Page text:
It. Figures: Dealing with Numbers in Another Language

I suspect that most people, no matter how well they speak a foreign language, find it difficult to deal with numbers in other than their native tongue. I’ve noticed many times that someone has asked me to give them numbers in their own language, “because it’s easier.” I’m no different: if I have to write down a phone number, I prefer to have it recited to me in English.

For starters, Italians have a completely different way of speaking numbers than Americans. Suppose you were reciting out loud the (fictitious) Washington phone number: (202) 123 4567. Most Americans would say: “two oh two, one two three, four five six seven.” Many Italians would say the Italian equivalent of: “Two hundred two, one hundred twenty-three, forty five, sixty seven.” Or, even more confusingly, they will break up the seven-digit number differently than Americans do and come out with: “Two hundred two, twelve, thirty four, five hundred sixty seven.”

Americans do use hundreds and thousands in phone numbers where they are round numbers, e.g. a toll-free number might be given as “one eight hundred four five five three thousand.”

Saying hundreds (never thousands) is more efficient in Italian than English, because the Italian for hundred is “cento”, and you don’t need to say “one” when there’s only one hundred. So “cento ventisette” (127) is quicker to say than “one hundred and twenty seven.” (Yes, we were all taught in grammar school that saying “one hundred AND…” is wrong, but many of us still do it.)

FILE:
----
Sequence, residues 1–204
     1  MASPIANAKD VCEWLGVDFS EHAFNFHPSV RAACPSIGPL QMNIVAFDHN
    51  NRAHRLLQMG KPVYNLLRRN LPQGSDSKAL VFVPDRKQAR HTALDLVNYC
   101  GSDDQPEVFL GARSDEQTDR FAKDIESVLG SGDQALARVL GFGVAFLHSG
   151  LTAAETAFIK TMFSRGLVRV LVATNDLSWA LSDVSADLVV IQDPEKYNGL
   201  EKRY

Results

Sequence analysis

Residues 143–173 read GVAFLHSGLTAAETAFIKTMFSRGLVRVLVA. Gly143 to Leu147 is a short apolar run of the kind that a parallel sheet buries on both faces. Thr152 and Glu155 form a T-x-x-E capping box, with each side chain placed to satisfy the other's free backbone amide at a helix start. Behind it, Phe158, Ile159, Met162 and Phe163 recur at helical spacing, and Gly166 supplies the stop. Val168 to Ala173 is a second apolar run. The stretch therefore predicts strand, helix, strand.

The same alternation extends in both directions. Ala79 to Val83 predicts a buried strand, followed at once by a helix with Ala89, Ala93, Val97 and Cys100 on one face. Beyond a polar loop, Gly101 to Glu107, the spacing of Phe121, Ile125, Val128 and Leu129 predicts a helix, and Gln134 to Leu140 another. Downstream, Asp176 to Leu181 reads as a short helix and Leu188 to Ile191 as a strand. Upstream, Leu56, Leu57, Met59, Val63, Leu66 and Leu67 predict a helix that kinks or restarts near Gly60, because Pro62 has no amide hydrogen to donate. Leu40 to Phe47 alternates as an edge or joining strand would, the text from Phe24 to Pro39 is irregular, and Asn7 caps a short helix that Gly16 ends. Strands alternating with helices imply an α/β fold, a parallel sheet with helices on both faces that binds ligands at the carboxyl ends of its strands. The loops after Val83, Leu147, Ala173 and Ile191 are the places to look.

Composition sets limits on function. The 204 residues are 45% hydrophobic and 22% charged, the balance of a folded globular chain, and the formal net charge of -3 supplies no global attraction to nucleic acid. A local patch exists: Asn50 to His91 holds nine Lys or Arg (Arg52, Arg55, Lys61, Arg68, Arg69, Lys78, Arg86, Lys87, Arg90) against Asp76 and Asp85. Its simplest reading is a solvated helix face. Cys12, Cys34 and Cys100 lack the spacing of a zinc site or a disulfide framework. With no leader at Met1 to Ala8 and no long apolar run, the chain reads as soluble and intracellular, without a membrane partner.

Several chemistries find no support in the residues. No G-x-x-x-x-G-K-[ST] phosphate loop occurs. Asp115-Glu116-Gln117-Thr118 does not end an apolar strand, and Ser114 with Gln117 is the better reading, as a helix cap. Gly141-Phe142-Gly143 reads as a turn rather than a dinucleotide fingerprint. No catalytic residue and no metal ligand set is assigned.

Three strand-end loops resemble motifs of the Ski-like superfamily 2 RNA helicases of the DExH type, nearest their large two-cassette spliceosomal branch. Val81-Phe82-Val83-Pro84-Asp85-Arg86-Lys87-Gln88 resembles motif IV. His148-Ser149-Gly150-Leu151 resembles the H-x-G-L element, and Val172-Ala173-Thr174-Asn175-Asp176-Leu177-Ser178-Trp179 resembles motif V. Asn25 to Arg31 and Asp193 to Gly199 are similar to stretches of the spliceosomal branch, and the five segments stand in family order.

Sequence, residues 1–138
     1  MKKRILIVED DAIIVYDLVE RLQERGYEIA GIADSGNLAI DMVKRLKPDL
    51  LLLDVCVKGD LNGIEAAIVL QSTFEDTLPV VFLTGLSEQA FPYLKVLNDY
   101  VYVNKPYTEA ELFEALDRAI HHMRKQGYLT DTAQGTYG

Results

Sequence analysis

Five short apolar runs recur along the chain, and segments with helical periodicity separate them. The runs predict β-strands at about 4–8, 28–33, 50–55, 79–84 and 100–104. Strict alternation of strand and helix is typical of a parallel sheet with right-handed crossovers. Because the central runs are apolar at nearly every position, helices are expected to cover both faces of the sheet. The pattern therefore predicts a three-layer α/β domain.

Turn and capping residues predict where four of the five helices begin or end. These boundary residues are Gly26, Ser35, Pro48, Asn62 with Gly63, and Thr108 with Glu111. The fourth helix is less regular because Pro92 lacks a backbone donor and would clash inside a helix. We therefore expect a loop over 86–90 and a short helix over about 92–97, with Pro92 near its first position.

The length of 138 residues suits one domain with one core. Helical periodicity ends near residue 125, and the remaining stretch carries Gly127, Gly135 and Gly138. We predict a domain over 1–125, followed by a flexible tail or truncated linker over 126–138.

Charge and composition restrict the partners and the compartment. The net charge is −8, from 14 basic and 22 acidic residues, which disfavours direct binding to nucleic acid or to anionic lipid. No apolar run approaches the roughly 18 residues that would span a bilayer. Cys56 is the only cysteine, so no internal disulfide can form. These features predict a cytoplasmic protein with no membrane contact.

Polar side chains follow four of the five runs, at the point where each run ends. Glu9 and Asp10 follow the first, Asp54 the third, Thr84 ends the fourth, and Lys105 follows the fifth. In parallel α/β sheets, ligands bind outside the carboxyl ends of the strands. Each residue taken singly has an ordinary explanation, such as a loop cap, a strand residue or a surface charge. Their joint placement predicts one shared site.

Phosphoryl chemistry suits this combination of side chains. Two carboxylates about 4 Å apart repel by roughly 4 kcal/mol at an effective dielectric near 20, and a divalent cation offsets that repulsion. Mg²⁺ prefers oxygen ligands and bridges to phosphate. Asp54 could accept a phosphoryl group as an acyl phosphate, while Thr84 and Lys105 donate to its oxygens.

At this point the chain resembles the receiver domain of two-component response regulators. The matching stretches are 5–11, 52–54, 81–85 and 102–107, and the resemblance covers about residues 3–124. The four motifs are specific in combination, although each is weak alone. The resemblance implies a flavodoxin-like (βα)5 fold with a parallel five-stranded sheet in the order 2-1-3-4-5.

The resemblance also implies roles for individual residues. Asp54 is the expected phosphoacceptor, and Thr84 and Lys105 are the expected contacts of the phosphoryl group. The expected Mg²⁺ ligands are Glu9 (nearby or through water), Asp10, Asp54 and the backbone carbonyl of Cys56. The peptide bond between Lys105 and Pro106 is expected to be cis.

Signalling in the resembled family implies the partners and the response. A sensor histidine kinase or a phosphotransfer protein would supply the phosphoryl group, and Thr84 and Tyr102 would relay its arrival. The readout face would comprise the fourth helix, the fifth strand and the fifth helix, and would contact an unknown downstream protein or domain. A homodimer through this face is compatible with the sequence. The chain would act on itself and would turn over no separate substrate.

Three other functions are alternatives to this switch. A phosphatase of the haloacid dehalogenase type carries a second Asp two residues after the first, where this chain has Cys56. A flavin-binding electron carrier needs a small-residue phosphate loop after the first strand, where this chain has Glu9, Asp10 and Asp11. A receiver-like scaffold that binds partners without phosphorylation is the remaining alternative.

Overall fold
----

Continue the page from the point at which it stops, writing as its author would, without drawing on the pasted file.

On the other hand, if someone starts saying “cento…” my instinct is to immediately write 100, before I hear that the tens and units columns are also occupied.

What about other kinds of numbers? Take years: the year 1956 is read by English-speakers as “nineteen fifty six” or, if you’re old-fashioned, “nineteen hundred and fifty six.” An Italian would say “mille novecento cinquantasei” (one thousand nine hundred fifty six) – twice as many syllables.

And then there’s the matter of dates. Americans write and say “April 25th, 2005,” or 4/25/05. Italians write and say “25 Aprile 2005” (venticinque aprile, due mila cinque – note that there’s no ordinal: it’s twenty-five, not 25th) or 25/4/05. Most of the rest of the world also abbreviates dates in the day/month/year format. Having lived all over the world, I can never remember which style is used where, so I’m always messing up forms that require me to fill in a date.

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